The Civil War in Missouri

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The Artifact Gallery was made possible by a generous gift from the William T. Kemper Foundation – Commerce Bank, Trustee.


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"A Brother’s Farewell" and "No, Master, Never"

Joshua McCarter Simpson, mid- to late-1800s
MHM Archives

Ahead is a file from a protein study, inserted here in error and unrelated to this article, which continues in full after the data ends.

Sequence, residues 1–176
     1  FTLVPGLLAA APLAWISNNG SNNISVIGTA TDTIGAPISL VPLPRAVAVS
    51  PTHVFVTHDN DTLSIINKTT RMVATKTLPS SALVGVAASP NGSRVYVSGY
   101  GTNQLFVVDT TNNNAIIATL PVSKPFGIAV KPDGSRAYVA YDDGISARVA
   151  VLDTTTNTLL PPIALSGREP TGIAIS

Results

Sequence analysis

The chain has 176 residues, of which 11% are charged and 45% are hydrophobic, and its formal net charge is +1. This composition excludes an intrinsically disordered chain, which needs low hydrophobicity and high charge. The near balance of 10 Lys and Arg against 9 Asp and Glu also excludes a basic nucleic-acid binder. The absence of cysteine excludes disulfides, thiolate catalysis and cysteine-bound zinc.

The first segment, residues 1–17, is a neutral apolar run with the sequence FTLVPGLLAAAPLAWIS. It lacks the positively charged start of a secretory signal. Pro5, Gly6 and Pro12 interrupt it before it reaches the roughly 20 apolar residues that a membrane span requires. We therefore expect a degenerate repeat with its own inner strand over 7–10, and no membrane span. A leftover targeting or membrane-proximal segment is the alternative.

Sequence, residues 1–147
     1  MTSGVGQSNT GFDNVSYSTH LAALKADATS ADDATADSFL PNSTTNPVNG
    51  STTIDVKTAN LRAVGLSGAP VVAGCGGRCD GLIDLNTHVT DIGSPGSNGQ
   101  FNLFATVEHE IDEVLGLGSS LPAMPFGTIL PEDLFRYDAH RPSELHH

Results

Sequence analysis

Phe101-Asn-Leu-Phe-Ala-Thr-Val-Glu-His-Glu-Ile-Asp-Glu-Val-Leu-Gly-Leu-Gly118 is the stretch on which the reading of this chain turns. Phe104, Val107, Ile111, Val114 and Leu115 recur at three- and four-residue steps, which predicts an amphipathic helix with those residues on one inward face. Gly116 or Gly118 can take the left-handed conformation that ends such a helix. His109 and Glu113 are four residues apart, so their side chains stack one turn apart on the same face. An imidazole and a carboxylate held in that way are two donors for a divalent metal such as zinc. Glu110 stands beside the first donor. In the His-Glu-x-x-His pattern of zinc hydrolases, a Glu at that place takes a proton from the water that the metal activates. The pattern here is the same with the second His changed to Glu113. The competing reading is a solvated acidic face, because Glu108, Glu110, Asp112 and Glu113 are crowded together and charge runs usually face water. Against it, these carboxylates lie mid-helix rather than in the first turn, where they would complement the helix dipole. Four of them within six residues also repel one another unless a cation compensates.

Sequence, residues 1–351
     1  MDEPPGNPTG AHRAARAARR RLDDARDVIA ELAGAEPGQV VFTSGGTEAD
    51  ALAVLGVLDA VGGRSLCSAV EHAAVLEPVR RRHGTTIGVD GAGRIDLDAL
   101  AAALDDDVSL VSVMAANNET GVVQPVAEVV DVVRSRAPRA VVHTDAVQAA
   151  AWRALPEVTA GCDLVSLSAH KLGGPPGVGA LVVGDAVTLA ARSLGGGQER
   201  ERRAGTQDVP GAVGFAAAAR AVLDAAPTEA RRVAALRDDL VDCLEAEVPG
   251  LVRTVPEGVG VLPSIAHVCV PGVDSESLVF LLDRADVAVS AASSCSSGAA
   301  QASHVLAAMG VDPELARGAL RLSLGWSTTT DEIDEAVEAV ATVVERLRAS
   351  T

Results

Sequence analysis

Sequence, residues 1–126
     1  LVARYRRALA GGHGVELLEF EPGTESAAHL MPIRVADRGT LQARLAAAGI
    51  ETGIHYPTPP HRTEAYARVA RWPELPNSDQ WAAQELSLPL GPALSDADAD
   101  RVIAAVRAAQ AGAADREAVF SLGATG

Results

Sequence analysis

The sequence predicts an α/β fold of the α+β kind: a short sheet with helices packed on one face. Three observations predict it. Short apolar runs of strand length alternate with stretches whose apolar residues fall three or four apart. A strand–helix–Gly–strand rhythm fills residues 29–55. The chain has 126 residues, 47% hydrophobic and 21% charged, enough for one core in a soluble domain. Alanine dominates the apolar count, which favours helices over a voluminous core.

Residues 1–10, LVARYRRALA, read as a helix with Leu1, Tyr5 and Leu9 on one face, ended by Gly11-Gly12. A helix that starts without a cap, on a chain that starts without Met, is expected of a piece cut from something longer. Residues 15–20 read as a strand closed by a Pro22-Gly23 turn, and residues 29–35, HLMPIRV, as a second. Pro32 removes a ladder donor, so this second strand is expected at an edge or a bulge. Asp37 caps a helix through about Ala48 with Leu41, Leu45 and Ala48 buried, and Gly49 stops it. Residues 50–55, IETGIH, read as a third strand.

Joshua McCarter Simpson was an African American abolitionist and an herbal physician. Born free in Windsor, Ohio, about 1820, he was “bound out,” or forced to work as an indentured servant, until he was 21 years old. After being released from his involuntary servitude he attended Oberlin Collegiate Institute, now Oberlin College. Simpson authored several abolitionist songs that were published as a pamphlet entitled Original Anti-Slavery Songs in 1852. Two years later he published another collection as The Emancipation Car, believed to be the only known published collection of anti-slavery songs written by one person. His lyrics were used in protests, rallies, and celebrations, and were likely sung on the Underground Railroad, of which Simpson is thought to have been a conductor. A second edition of The Emancipation Car was published after the war and included ten additional songs. Simpson’s wartime and postwar songs included works that called for African American soldiers to join the fight, and celebrated African American emancipation and suffrage.